Internet Payments

Secure & Reliable

Your data is encrypted and secure with us.
Godaddyseal image
VeraSafe Security Seal

Lethbridge Herald Newspaper Archives

- Page 24

Join us for 7 days to view your results

Enter your details to get started

or Login

What will you discover?

  • 108,666,265 Obituaries
  • 86,129,063 Archives
  • Birth & Marriages
  • Arrests & legal notices
  • And so much more
Issue Date:
Pages Available: 40

Search All United States newspapers

Research your ancestors and family tree, historical events, famous people and so much more!

Browse U.S. Newspaper Archives

googlemap

Select the state you are looking for from the map or the list below

OCR Text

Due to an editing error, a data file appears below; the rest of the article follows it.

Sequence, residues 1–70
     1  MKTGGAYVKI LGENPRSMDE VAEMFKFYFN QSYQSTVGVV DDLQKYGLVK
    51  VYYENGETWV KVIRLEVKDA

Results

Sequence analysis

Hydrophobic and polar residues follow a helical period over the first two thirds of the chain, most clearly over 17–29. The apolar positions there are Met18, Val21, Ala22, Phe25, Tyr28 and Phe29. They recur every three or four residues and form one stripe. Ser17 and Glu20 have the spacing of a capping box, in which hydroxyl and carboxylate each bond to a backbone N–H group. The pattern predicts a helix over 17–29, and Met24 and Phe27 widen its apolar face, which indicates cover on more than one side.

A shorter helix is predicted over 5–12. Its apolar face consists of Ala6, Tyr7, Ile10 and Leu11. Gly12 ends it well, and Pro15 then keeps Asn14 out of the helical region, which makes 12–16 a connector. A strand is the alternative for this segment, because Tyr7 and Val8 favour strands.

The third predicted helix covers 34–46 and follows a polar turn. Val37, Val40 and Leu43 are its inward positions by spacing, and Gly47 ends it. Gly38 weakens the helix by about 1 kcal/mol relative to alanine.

Lethbridge Herald, The (Newspaper) - January 8, 1975, Lethbridge, Alberta 24 THE LETHBRIDGE HERALD Wtdniiday, January 8, 1975 Lawrence Lamb M.D. Dear Dr. Lamb Chronically ill and aging patients often have one or both knees bent in a fixed position. What are the causes of this? How can it be prevented and what can be done to relieve the condition? Apparently straightening the knees out causes pain and dis- comfort. Dear -Reader In general, the body has opposing muscle groups. One set of muscles over the front of the thigh straightens the knee, another group over the back of the thigh causes it to bend. When a person is inactive, particularly at bed rest, the muscles that cause the bending shorten, and so do the tendons attached to these muscles. The same thing happens as you.get older if you don't watch it. I sometimes say we begin to lose the war against gravity and are gradually bent and beaten down from the upright position. You have seen many older persons, I'm sure, who have slightly bent knees, the ankle tendon to the heel shortens and the toe is displaced down, the hip joint also bends forward. The elbows also become bent. To stand up- right, these people must place the feet wide apart. The posture of the older person walking slightly on tiptoes, feet apart and in a half crouched position, is a result of generalized shortening of muscles and tendons. You can help to prevent this problem. The way is by mak- ing sure that joints of the body are moved through their full range of motion every day in sufficient amount to stretch to the fullest all the muscles. Stretching exercises are just as important as strength exer- cises. This is the way you keep your body limber, flexible and youthful. Many people leading apparently normal lives are actually having changes they could prevnt if they would use regular stretching exercises. Stretch that ankle tendon by raising the toes up toward the shin as far as possible, straighten the knees, move" the hip joints through the full range of motions. These measures are very important In bed patients to prevent 'disabling contrac- tures you are describing. Dai- ly exercises should be part of every patient's routine unless the patient is really so sick that is impossible. Even then passive exercises by a trained physical therapist often help a great deal. Contraction deformities can often'be corrected by progressive stretching exer- cises over a period of weeks and months. These must be done before changes in the cartilage and bony structure in the joint are affected, sometimes called a "frozen joint." Incidentally, stretch exer- cises are also important for the trunk muscles. The muscles over the front of the chest can become over- contracted too, contributing to rounded shoulders and decreased chest wall function which can compromise how well the lungs work. So, don't forget to stretch it will stretch your youthful appearance over more years as well as help your health. Send your questions to Dr. Lamb, in care of this news- paper, P.O. Box 1551, Radio City Station, New York, N.Y. 10019. For a copy of Dr. Lamb's booklet on balanced diet, send 50 cents to the same address and ask for the "Balanced Diet" booklet. Flashback By The CANADIAN PRESS Jan. 8, 1975 The French explorer Robert, Sieur de LaSalle, then 36, reached Niagara Falls 296 years ago in 1679 in one of several unsuccessful searches for the mouth of the Mississippi. Five years later he was killed by mutinous colonists during an overland search for the river's mouth. 871 Alfred the Great defeated the Danes at the Bat- tle of Ashdown. 1869 The first suspension bridge over the Niagara gorge was opened to traffic. Goren on Bridge BY CHARLES H.GOREN AND OMAR SHARIF Both vulnerable. South deals. NORTH 4732 4107 WEST EAST 4Q105 4 J986 KIO tJ973 SOUTH AQ The bidding: South West North East 2 Pass 2 NT Pass 4 Pass Pass Pass Opening.Iead: Six of 4. Declarer made a worthy attempt to bring in his four heart contract on this hand, but was foiled by accurate defense. However, he did not make full use of his com- bined resources. There was a line available which almost guaranteed his contract. Though South was minimum for his demand opening bid in terms of high- card strength, his trick- taking ability was such that a couple of strategically placed jacks in his partner's hand could be enough for game. Since a rebid of three hearts could have been passed had North been com- pletely broke, South elected to jump to game at his second turn. The defenders started with two rounds of clubs, then shifted to a spade. De- clarer won the king, drew trumps in two rounds, and cashed his high spade. Then he exited with his remain- ing card in the suit. Had West been forced to win this trick, he would have been would have been forced either to lead a diamond into declarer's ace- queen tenace or give a ruff- and-sluff. Unfortunately for South, West saw the endplay looming and unblocked the queen of spades under the ace. East was able to win the third spade and lead a dia- mond through declarer, en- abling West to score the king for a one-trick set. Declarer overlooked the possibilities offered by dum- my's holding in the red suits. The hearts would provide three entries, and if dia- monds were no worse than would be the case some 85% of the time-dum- my's fifth diamond could he set up for a spade discard. The winning technique for declarer is to immediately play the ace and queen of dia- monds after winning the spade shift. No matter what West does, declarer is in charge. Assume West re- turns a spade. Declarer wins, enters dummy with the eight of trumps and ruffs a diamond high. Dummy is re- entered with the nine of hearts and another diamond is ruffed high, setting up the fifth diamond. Now declarer crosses back to dummy with the jack of hearts and dis- cards his losing spade on the long diamond. Your horoscope By Jem Dixon THURSDAY, JAN. 9 Your birthday today: Finds you on an adventurous search through uncharted routes for new resources and headed for surprises and diversions. Career advances come via dramatic incidents. Relationships require dedica- tion and provoke extreme feelings: You are deeply in- volved or not at all. Today's natives express themselves physically rather than ver- bally, are determined to win. ABIES (March 21-April The indirect approach works best. Your main responsibility is those you love, but beware of misplaced generosity. You pass unpleasant places in your travels. TAURUS (April 20-May Postpone expenditures where possible since all plans are interrupted. Don't get involv- ed with temperamental, tur- bulent people. GEMINI (May 21-June It may seem to you that your pal is a snob or that nobody does anything right, but if you start criticizing, your own shortcomings become visible. Accept people as they are. CANCER (June 21-July It's a drawn-out day with adverse comments likely. Be patient. Avoid speculation or investments in bargains. Find out the details before you order any services. LEO (July 23-Aug. The best intentions aren't enough. Give everyone plenty of time and space in which to move; someone does something un- expected. Money matters re- quire careful records and conservative handling. VIRGO (Aug. 23-Sept. Meet others on your own terms wherever possible. Be- ing quiet and reasonable will get you through a day of sen- sitive encounters. No one should take anyone for granted. LIBRA (Sept. 23-Oct. The slightest wrong move provokes accumulated ten- sions to explode into bickering. Try a little harder to understand those close to you. SCORPIO (Oct. 23-Nov. Career enterprises move up in clear-cut steps. Tact is essen- tial; you've got a lot to do and don't have time for squabbles. A favorite treat is imminent. SAGITTARIUS (Nov. 22- Dec. People with influence are touchy. The more you try, the more likely you are to complicate matters. Give those using mechanical equipment plenty of leeway. CAPRICORN (Dec. 22-Jan. Pessimism surfaces in news and shoptalk. Stay on top of your regular work. Let fragile items remain untouch- ed and in safe positions. AQUARIUS (Jan. 20-Feb. Remember that people have reasons for their bad moods and it isn't necessarily your fault. You may as well mind your own business. PISCES (Feb. 19-March You're right in the center of public view, although it's the fault of people who make a lot of noise. Casual purchases tend to 'be a waste of money. Ask Andy OPERATION: SUN Andy sends a complete 20 volume set of the Merit Students Encyclopedia to Bill Strickland, age 13, of Carter- sville, Ga., for his question: How can the sun burn if it has no oxygen? Andy's faithful readers have certain favorite questions which get asked all the time. And this is one of them. Each has been answered several years ago, though usually for a reader of a different age group and always from a different point of view. In any case, it seems only fair to repeat the old favorites for those who missed them the last time.. We are told that we live in the Atomic Age, alias the Nuclear Age. We know about nuclear power plants that produce heat, plus other forms of energy, when the nuclei of tiny atoms are split asunder. This atom splitting is called nuclear fission and the operation is not at all like ordinary, fire. For one thing, ordinary fire cannot burn without plentiful supplies of oxygen and nuclear fission needs no ox- ygen at all. Its stupendous energy is released from the mighty forces that bind tiny particles together in the atomic nucleus. The seething furnace of the sun also operates on energy from the atomic nucleus. It is not the same as nuclear fission, but it, too, needs no oxygen. The sun's energy comes from nuclear fusion, which is the fusing or joining of small atomic nuclei to build larger atomic nuclei. Its fuel is hydrogen gas, which makes up more than half of the sun's total material. Fusion occurs when the nuclei of four hydrogen atoms combine to form the nucleus of one helium atom. Each atom, of course, is made from an assortment of smaller particles. In the sun, the newly made larger atom of helium uses almost, but not quite all, of the particles in the hydrogen atoms. The un- used portion is converted into solar radiation. This matter is converted into energy. In the sun, this small opera- tion involving just a few atoms is repeated zillions of times every second. The fu- sion of hydrogen to form helium occurs on a grand scale, and stupendous quan- tities of solar energy are released in the process. The operation is generated by fan- tastic heat in the core of the sun and no oxygen is needed to run this nuclear activity. Physicists estimate that the extravagant sun consumes 564 million tons of its hydrogen fuel every second. In every second, its nuclear fusion produces 560 million tons of helium gas, which is the ash of the solar furnace. And every second, 4 million tons of sur- plus matter are converted intc solar energy. asked by chil- dren of Herald readers should be mailed to Ask Andy, P.O. Box. 765, Hunilngton Beach, California 92648. (Copyright Chronicle Publishing Co. 1973) Fun with figures By J.A.H. Hunter "What about the stamps I sent for you and asked Stan. "Any Doug smiled. "Sure, they were great. Ann got three more than half what she would have got if I'd kept three more than half what she did get." "Okay, Stan shook his head. "Bill what about "Well, I kept two more than I gave replied the boy. How many stamps in all? (Answer tomorrow) Yesterday's answer: FARM was 1256. SHORT RIBS TfJE FUTURE Of ROME K THREATENED BV INFLATION I ITS UP TO EVERV TO MIS TOGA. AND 10 SET AN EXAMPLE, CAESAf? HA? CUJ BACK ON HIS BANQUET TONISMT... HI AND LOIS PRIVATE OFFICE Chambers is the private of- fice or room of a judge. WE ear FED UP WITH DOlNe HOUSEWORK. I'M MRS. ABERCROMBIE AND THIS MRS. FITCH. BUGS BUNNY BLONDIE THAT NO-GOOD, TWO-SIT HUSBAND OF MINE? _ HE JUST LEFT FOR LUNCH WELL, WHEN HE GETS BACK I WANT VOU TO GIVE HIM A MESSAGE FOR ME ARCHIE i WAS eo RIGHT HELD UP IN IN .'THEY'R TRAFFIC.' WAITING FOR YOUR SPEECH.' THAT'S THE GOVERNOR.' AND I ONLY WISH THAT SCHOOL COULD HAVE HAD THIS MAN AS JANITOR... PSSST.' THEY'RE HONORING THE SPEAKER AT RETIRING A BANQUET JANITOR.' AT'UTTLETEW HIGH" om HAGAR THE HORRIBLE I THOUGHT ThlAT WAS PISI4 BEETLE BAILEY Lll ABNER TUMBLEWEEDS ?2-A STRAUSS PAIR o'soaps'- HI-HO! GOT ANY YOU SURE YOU'RE IN THPRieHT STRIP, MAC? ;